As the vultures slowly but surely continue circling RadioShack Corp. (NYSE: RSH), how long the company can hold out continues to be a widely discussed topic on Wall Street. RadioShack has said flat-out that it is running out of money, reported a huge second-quarter loss of $137 million and has seen comparable same-store sales decline by a stunning 20%. For many handicapping the end game, it is not a question of if, but when.
A new research report from Deutsche Bank makes the case that the demise of RadioShack could prove to be a positive for electronics retailer Best Buy Co. Inc. (NYSE: BBY). As bleak as the RadioShack picture is, the company is estimated to have total sales of $2.98 billion in 2014. The bottom line, according to the Deutsche Bank team, is if RadioShack closes the doors on 5,000 stores across the United States, the business will go somewhere. They think Best Buy will get a large chunk of it. One interesting twist Monday was an analyst’s suggestion that Amazon.com Inc. (NASDAQ: AMZN) should consider buying some RadioShack locations if it goes into bankruptcy.
Best Buy currently has a 23% share of the consumer electronics market, according to data from TWICE magazine that was in the Deutsche Bank report. The analysts figure that if Best Buy captures half of that, or 11.5%, from a demise of RadioShack, it could add as much as $341 million in additional domestic sales, which would increase domestics comparisons by a full 1%. They also think it could add $0.11 per share to the bottom line, and that would be substantial to say the least.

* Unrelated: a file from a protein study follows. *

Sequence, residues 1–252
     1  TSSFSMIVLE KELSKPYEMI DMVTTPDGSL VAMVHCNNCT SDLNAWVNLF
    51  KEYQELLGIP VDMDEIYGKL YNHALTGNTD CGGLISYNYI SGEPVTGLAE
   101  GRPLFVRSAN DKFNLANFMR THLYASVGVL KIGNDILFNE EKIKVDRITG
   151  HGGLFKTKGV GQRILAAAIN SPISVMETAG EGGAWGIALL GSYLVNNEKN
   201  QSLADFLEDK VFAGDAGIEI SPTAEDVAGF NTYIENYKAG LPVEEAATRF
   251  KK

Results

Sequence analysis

The Deutsche Bank team also feels that Best Buy sees a 17.9% flow-through rate, that translates to $61 million in earnings before income taxes. The Deutsche Bank analysts estimate that sales from RadioShack flow to Best Buy at an average merchandise margin, which they feel is conservative because RadioShack indexes to higher margin categories than Best Buy. The Deutsche Bank analysts figured the flow-through rate based on current domestic gross margins and merchandise margins.
One thing is for sure, while Radio Shack customers will have to go somewhere, it would seem that Best Buy would be reluctant to add all the products that Radio Shack currently carries. They most likely would focus on the higher margin bigger electronics and smartphone/tablet businesses, and leave the smaller electronic products and adapters category for someone else to pursue.
For many baby boomers, and even Generation X, the end of RadioShack is the end of an era that included products from Heath, with which people actually assembled everything from stereo gear to shortwave radios on their own. In today’s age of everything faster and now, there are probably few consumers with the patience to put together their own electronics. That change in demographics, and the need for immediate gratification, may be one huge reason in the overall multiple failures at the company.